2022 brought more papers on saturated fat and rigorous clinical trials testing the diet-heart hypothesis. With robust evidence to disprove the theory, we’ve forged on with a new awareness that saturated fats do not cause heart disease, but it’s taking policymakers time to catch up.

Nina Teicholz, New York Times bestselling author of The Big Fat Surprise,  called out the biases and vested interests of the dietary guidelines. Teicholz said that until the recent science on saturated fat is incorporated into the dietary guidelines, the guidelines cannot be seen as evidence-based.

Another study of Italian adults found new evidence that the diet-heart hypothesis was outdated and false. Researchers found that saturated fats do not seem to harm heart health and may lower the risk of heart disease. 

Debunking the myth even more, researcher Francesa Cortese said that saturated fatty acids are not ‘villains’ and can be safely included in the diet to reduce heart disease risk. 

2. Sugar and artificial sweeteners – both a nutritional catastrophe

Sadly, researchers from Deakin University found that sugar-sweetened drink sales increased globally by 36%. Added sugars from packaged food sales increased globally by 9%. Food and drinks are getting sweeter. Even if it’s not sugar, it’s bad for our health.

One study looked at tsugar-sweetened beverages and found a strong relationship between sugary drinks and obesity, type 2 diabetes, heart disease and some cancers. 

Meanwhile, there’s a common misconception that artificial sweeteners are harmless and a good alternative to sugar; however, the evidence suggests otherwise. In a  study of French adults, artificial sweeteners (especially aspartame, acesulfame potassium, and sucralose) were associated with heart diseases.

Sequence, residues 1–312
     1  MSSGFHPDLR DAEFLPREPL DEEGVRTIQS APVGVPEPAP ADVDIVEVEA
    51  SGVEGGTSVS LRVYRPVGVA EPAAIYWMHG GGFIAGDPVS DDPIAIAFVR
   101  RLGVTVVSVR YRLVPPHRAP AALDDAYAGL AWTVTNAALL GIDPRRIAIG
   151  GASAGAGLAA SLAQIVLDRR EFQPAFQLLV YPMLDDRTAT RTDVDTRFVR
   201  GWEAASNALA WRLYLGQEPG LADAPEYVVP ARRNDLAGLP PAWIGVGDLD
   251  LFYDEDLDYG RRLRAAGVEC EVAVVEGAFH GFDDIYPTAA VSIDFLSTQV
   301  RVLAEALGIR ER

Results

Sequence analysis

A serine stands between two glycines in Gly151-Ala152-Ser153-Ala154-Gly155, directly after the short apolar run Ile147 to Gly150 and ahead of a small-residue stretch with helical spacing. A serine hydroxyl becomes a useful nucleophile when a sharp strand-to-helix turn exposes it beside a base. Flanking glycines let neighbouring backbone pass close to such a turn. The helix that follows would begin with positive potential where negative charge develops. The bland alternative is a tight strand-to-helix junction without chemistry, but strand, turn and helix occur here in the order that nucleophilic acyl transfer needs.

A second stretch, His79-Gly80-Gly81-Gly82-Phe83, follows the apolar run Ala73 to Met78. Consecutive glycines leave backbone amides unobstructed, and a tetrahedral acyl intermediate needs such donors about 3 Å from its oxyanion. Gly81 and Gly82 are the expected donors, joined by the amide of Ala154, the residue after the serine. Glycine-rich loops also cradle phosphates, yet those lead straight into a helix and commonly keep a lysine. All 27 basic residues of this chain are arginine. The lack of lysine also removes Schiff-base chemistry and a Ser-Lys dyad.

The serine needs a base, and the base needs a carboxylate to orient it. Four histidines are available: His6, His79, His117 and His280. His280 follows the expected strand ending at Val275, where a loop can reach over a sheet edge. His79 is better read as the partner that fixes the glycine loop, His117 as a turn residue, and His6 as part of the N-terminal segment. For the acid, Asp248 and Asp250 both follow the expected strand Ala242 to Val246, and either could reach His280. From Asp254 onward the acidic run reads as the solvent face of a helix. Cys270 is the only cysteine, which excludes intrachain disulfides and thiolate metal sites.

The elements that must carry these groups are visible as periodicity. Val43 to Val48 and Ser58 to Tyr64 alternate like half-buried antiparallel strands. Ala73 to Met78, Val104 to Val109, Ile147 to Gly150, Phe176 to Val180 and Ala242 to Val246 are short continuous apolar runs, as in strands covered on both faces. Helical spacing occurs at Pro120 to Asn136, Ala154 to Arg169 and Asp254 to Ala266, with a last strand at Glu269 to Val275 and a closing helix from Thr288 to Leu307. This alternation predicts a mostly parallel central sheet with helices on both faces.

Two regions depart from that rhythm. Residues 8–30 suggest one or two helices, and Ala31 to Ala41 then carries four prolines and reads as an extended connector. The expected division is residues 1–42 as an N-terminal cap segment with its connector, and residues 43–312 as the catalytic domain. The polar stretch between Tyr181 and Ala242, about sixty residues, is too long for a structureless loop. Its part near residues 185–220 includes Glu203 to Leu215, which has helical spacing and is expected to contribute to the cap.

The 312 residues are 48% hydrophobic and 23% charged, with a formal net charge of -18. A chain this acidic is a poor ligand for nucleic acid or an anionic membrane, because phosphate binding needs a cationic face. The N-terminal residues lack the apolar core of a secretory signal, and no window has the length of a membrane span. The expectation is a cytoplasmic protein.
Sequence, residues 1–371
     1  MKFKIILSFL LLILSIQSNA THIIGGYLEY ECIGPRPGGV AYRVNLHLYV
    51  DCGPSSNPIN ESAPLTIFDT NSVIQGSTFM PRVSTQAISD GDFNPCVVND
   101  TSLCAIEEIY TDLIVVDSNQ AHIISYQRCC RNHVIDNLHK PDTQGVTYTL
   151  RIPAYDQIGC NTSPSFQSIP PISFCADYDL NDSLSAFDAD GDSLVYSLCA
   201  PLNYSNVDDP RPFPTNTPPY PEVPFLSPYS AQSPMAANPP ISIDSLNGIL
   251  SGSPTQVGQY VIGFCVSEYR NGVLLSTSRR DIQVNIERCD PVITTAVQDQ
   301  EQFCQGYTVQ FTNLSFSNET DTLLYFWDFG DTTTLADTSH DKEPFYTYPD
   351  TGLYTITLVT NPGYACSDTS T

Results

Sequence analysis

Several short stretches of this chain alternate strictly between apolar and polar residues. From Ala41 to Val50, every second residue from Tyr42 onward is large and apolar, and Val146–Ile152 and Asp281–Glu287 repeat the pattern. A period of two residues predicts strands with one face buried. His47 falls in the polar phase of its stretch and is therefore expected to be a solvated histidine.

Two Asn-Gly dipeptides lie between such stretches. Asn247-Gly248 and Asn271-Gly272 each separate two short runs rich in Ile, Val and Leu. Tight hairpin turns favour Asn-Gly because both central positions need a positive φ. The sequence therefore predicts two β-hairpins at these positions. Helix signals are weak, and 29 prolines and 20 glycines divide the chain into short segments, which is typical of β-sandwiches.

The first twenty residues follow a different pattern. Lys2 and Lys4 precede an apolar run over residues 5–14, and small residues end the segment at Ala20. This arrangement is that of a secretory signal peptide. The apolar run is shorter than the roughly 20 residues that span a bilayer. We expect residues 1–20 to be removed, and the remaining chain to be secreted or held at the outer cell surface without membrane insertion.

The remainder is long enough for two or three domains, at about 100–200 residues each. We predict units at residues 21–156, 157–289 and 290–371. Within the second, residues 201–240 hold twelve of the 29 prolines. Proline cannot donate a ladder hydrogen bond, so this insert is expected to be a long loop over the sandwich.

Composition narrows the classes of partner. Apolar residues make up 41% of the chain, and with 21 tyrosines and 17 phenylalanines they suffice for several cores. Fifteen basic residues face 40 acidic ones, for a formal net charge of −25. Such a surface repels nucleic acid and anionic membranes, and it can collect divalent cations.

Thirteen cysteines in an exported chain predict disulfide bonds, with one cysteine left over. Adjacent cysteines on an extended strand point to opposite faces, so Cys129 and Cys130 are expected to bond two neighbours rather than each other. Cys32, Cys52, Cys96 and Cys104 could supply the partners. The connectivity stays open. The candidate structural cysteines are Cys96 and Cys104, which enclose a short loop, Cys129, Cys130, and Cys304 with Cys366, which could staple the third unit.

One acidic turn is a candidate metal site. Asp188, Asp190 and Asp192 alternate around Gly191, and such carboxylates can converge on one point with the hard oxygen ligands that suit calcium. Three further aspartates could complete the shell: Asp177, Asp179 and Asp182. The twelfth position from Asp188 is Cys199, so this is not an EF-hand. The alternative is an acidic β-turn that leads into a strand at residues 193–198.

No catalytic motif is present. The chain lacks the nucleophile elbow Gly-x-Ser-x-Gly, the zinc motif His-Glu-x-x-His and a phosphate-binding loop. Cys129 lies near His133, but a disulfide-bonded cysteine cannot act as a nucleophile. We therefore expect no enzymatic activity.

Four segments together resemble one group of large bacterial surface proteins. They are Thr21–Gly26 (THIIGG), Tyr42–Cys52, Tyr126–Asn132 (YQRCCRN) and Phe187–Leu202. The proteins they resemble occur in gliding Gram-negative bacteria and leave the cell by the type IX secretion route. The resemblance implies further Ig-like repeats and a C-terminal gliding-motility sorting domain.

Finally, another study looked at the effects of sweeteners on insulin response and the gut microbiome. 120 healthy adults took saccharin, sucralose, aspartame, and stevia sachets for 2 weeks in doses lower than the acceptable daily intake. The result? Some sweeteners caused elevated blood glucose and distinct changes in the microbiome. 

1. Meat – From inflation to poor imitations (and a couple of big wins)

As the cost of living increased so did the price of meat, becoming less accessible to many (psst… here are some tips on how to find the best cuts of meat on a budget).

But wait—it gets worse. We saw big corporate food companies jumping on the plant-based train, promoting products that mimic meat. While these products often look, taste, and feel like meat, they cannot replicate the nutritional properties of natural animal-based products. They often lack nutritional value or contain high amounts of carbs that aren’t found in the real stuff. We certainly hope we leave this fake meat trend behind in 2023.

One clear win for meat is a study that looked at the relationship between unprocessed red meat consumption and chronic disease. It found very little evidence linking colorectal cancer, breast cancer, type 2 diabetes, heart disease and stroke to red meat intake. And another win! Another study found that those who consumed meat had lower depression and lower anxiety.

What now?

With researchers uncovering more evidence to support chronic disease management through changes to diet and lifestyle, those with type 2 diabetes have more hope than ever before. 

With type 2 diabetes remission now more closely understood and supported by evidence, it’s likely that more and more people will be able to reverse their condition in the coming years.  

This year’s round-up of news and science is encouraging, but it’s important to remember that remission of type 2 diabetes requires action. 

With the right approach, it’s possible to put type 2 diabetes into remission and reduce the risk of developing serious health complications.